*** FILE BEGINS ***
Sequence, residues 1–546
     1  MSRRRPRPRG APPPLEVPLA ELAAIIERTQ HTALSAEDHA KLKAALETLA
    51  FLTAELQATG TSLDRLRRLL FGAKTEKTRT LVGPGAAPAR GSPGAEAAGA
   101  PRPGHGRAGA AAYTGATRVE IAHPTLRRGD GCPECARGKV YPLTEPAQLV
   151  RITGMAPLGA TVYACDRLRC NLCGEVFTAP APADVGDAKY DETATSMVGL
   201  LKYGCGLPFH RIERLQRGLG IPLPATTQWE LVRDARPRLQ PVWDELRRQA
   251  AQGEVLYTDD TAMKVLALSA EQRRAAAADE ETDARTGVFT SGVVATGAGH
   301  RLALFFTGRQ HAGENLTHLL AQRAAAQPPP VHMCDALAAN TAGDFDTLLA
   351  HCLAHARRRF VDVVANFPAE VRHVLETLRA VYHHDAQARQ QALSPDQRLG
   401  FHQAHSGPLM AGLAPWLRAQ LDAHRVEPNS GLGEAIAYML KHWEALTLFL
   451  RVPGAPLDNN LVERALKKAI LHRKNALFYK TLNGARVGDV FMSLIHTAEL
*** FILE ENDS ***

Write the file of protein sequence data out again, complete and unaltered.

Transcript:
Sequence, residues 1–546
     1  MSRRRPRPRG APPPLEVPLA ELAAIIERTQ HTALSAEDHA KLKAALETLA
    51  FLTAELQATG TSLDRLRRLL FGAKTEKTRT LVGPGAAPAR GSPGAEAAGA
   101  PRPGHGRAGA AAYTGATRVE IAHPTLRRGD GCPECARGKV YPLTEPAQLV
   151  RITGMAPLGA TVYACDRLRC NLCGEVFTAP APADVGDAKY DETATSMVGL
   201  LKYGCGLPFH RIERLQRGLG IPLPATTQWE LVRDARPRLQ PVWDELRRQA
   251  AQGEVLYTDD TAMKVLALSA EQRRAAAADE ETDARTGVFT SGVVATGAGH
   301  RLALFFTGRQ HAGENLTHLL AQRAAAQPPP VHMCDALAAN TAGDFDTLLA
   351  HCLAHARRRF VDVVANFPAE VRHVLETLRA VYHHDAQARQ QALSPDQRLG
   401  FHQAHSGPLM AGLAPWLRAQ LDAHRVEPNS GLGEAIAYML KHWEALTLFL
   451  RVPGAPLDNN LVERALKKAI LHRKNALFYK TLNGARVGDV FMSLIHTAEL